Swiss Cities to discover, experience, and enjoy
The Rhine splits Basel, one of Switzerland's largest cities, into two sections: Greater Basel and Lesser Basel. Basel is the home of Switzerland's oldest university. The city's rich medieval history includes such luminaries as the humanist Erasmus von Rotterdam, the book printer Froben, and the famed doctor of yore Paracelsus. It is also home of the world's oldest public art collection, dating back to 1661. Basel is Switzerland's only port. Basel is a market town: documents show that such gatherings have been held here from 1471 onwards. Today, this rich tradition continues in the form of the congress and trade fair business.
Basel can boast an intact medieval city center: a splendid Town Hall of brilliant red sandstone with intricate murals dating back to the 15th century is the perfect backdrop for a daily market where nearby farmers come and sell their produce. Another architectural gem from that era is the Basel Cathedral, a symphony in pale red sandstone topped with Gothic towers. The historical center is a perfect counterpiece to the works of contemporary architects such as Mario Botta, Herzog & de Meuron or Richard Meier. Public art is of the highest order, with works ranging from Jean Tinguely's playful Theatre Fountain to Jonathan Borofski's perpetually Hammering Man.
Basel well-deserves its reputation as an art and cultural center. It has more than thirty museums, many of world-renown, and numerous art galleries. The Basel Theatre is a well-known performing arts center with its own opera, dance troupe and a season full of plays, both contemporary and traditional. Many industrial lofts have been redeveloped as cultural centers, with a lively concert and club scene. And of course, Basel's Music Academy is one of the world's foremost learning centers, specializing in baroque music. A recent addition to the theatre scene is the Basel Musical Theatre, where American-style musicals are presented.
Among some of the notable museums are the Jean Tinguely Museum and the Beyeler Foundation. The Jean Tinguely Museum houses works by this master of kinetic sculpture. Mario Botta, the well-known Swiss architect, designed the museum on the banks of the Rhine River. The Beyeler Foundation contains 175 works of exceptional value, juxtaposing Oceanic art with classical contemporary art. Again, the building is as much of a work of art as the contents. Built by Renzo Piano, it was widely heralded by the international press and has set new standards in museum building.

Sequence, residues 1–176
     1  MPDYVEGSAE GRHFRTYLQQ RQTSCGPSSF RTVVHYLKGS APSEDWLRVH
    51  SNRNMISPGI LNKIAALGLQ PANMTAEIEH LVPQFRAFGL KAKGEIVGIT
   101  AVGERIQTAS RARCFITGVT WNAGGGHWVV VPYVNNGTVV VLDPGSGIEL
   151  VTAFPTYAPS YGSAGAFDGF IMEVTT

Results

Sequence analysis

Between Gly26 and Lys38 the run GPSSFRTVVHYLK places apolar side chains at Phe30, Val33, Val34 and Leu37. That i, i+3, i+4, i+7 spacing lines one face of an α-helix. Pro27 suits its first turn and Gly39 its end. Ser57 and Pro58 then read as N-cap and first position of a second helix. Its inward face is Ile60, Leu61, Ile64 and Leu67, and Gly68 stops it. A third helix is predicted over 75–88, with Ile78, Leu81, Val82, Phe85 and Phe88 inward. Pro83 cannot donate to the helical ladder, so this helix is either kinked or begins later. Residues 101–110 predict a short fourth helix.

The Fine Art Museum is one of Basel's three-star attractions, with a collection of Holbeins second only to that of the Queen of England. Furthermore, the museum holds works by von Cranach, Gruenewald and Konrad Witz, as well as the dramatic 19th century paintings by Arnold Boecklin. The 20th century art section focuses on Cubism, Expressionism and Pop Art.
The Basel Museum of Contemporary Art is dedicated to works that were produced after 1960. It contains works by such notables as Frank Stella and Joseph Beuys. Further museums are the Museum of Architecture, the Museum of Antiquities, Cartoon Museum and many more. Especially younger guests are partial to the Museum of Natural History with its dioramas, the Toy Museum, the Museum for Navigational Arts or the Dollhouse Museum. And of course, young and old love the century-old Basel Zoo.
Several annual events prove that good things have staying power. The Autumn Fair dates back to 1471, when Emperor Frederick III gave the city permission to hold an annual market. The oldest part of the market is the "Haefelimaert", a market dedicated entirely to crockery. But there are also antique books, rides and many culinary specialties, such as the nut-filled candy only available during this period called "Maessmogge". The entire city takes on a festive air as the Autumn Fair takes place in many locations all over town. This long history of gatherings has made Basel an ideal convention center. The city hosts trade fairs dedicated to watches and jewelry, New Technology, gastronomy and contemporary art.
One of the most celebrated events is Carnival, or Fasnacht, as it is called. Fasnacht is preceded by the Vogel Gryff , an event which has the icons of the three Lesser Basel Societies dancing on the bridge that connects this part of town to Greater Basel. The dancing icons are the Griffin (Vogel Gryff), the Lion, and the Wild Man. On the Greater Basel side, a huge mask of a king sticking his tongue out at Lesser Basel commemorates a 16th century dispute between Greater Basel and Lesser Basel, which had pledged allegiance to Austria.
Soon thereafter, it is time for Carnival. It begins on the Monday following Ash Wednesday. All lights are switched off and at 4 am sharp, fifes and drums pierce the air and candle-lit lanterns are trundled through the narrow medieval streets, making this a magical experience. The celebrations go on for three days, often non-stop, with parades of masked societies called cliques trooping down the main arteries of the city while revelers let down their hair in bars and restaurants as they listen to comical verses commemorating the past year's happenings.
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